Paul F. Gleeson was a successful Chicago lawyer who died in 2012, at the age of 70. He was also my father. Among his belongings we found a boxful of typed manuscripts from the 1970s and 80s. It turned out they were short stories he had written. These were great stories in the “pulp fiction” tradition, tales of crime and punishment, and strange characters committing dark deeds.
in the box were rejection letters from publishers. Dad was unable to get past
the literary gatekeepers of those days. Discouraged, he stuck to his day job,
and gave up his dream of entertaining the readers of America. The stories sat,
unread, for three decades in a dusty heap.
But my sister, my two
brothers, and I are making his dream come true now. We are finally sharing these
stories with the world, the way he always wanted. His anthology, Screams from My Father: Stories by Paul F. Gleeson, includes these ten wickedly witty original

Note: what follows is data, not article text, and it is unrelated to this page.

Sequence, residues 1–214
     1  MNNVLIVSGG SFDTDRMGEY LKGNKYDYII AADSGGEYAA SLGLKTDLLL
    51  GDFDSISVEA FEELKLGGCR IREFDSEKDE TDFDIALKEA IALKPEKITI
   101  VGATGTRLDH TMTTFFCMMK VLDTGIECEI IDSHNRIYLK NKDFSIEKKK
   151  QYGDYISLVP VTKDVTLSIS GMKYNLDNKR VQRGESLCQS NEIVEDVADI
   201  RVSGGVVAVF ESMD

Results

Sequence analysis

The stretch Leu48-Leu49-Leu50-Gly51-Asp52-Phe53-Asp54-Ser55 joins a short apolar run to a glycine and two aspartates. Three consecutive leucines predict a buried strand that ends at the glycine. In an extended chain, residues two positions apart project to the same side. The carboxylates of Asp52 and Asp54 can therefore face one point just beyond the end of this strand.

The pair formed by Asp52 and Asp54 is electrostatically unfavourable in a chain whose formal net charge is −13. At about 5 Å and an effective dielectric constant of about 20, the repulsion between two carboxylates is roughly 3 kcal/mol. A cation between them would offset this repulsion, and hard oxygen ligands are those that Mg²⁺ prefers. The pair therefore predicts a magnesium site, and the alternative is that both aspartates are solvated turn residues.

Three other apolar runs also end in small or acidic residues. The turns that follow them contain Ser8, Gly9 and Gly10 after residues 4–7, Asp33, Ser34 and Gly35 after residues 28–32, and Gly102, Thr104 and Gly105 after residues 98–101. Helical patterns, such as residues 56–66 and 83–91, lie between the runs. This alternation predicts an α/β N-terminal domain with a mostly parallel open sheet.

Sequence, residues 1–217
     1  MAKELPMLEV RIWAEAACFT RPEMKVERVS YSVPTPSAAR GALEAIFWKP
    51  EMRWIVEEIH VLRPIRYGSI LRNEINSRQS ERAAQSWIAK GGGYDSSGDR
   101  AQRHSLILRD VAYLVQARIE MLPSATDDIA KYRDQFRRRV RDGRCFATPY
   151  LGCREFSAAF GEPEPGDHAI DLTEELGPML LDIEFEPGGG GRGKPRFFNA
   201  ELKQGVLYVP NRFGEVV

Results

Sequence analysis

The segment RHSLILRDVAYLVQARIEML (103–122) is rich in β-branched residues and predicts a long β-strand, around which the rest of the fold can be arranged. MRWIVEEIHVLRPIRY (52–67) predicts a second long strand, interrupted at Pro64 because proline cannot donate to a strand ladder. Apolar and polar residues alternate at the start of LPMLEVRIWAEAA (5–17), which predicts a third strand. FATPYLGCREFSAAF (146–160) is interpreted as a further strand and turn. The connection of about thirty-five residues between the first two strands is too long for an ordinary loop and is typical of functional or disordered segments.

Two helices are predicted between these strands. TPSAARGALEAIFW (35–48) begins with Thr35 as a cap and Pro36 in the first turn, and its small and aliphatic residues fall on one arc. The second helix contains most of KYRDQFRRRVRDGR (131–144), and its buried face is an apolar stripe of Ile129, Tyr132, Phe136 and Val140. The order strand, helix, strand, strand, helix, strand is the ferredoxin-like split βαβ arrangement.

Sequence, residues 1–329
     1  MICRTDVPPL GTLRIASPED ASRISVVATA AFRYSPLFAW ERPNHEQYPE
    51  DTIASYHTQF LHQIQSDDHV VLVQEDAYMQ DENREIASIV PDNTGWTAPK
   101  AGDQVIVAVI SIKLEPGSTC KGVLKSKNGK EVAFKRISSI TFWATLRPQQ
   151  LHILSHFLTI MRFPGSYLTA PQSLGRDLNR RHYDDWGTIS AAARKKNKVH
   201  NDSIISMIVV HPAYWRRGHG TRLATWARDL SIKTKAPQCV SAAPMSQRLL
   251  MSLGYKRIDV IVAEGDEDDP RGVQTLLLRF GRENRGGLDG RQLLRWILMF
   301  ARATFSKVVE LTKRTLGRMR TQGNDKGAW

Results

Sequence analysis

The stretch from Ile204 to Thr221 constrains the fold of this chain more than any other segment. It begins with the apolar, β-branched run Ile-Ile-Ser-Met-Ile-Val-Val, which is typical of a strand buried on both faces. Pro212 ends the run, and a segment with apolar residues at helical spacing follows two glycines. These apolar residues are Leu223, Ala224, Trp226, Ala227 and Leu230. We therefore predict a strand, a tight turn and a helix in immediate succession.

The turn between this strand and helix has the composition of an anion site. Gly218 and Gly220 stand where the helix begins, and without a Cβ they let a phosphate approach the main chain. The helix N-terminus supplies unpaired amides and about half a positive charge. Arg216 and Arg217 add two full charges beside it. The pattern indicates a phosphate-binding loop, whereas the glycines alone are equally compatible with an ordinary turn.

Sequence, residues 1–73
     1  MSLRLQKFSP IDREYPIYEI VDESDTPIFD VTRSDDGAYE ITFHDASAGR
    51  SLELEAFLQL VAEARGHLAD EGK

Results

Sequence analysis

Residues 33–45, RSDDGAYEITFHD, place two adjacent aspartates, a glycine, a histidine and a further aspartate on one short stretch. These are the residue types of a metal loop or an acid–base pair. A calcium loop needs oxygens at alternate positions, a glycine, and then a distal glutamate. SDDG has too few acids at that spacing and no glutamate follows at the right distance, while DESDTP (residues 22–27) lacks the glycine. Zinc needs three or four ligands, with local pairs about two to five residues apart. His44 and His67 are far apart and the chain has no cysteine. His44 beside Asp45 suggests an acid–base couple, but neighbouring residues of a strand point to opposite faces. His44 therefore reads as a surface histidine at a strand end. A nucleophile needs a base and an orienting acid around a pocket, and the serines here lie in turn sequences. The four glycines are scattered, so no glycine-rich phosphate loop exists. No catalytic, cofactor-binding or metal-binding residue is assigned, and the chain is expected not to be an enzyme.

TEN SHORT STORIES:
"One Bet Too Many": Howard Timmins is betting his
life that what happened in Vegas will stay in Vegas.
"All in the
Family": A little boy and his young mother enjoy playing in the park. But they
are being watched.
"Unhappy Hour": When you drink at the Literal Club,
you get exactly what you order.
"What a Difference a Day Makes": How did
April 10, 1861, manage to get erased from history?
"Scab": When Kellman
crosses the picket line, his friends have to show him some tough love.
"Don't Touch That Dial": Martha has a surprise waiting for Carl when he
gets home. Carl might have something for Martha too.
"Reunited We Fall":
Crashing college reunions is a good way to score a free meal. Or become one.
"Going the Distance": What happens when a man pushes himself to the
limit? And what happens when he pushes further than that?
started as a lunch hour quickly devolved into a blurry swirl of intrigue and
"Weight and See": Margaret has to lose weight, or die.
Roger can help.
Also in the book are five humorous
columns by Paul Gleeson, a foreword by Kevin Gleeson, and terrific cover art by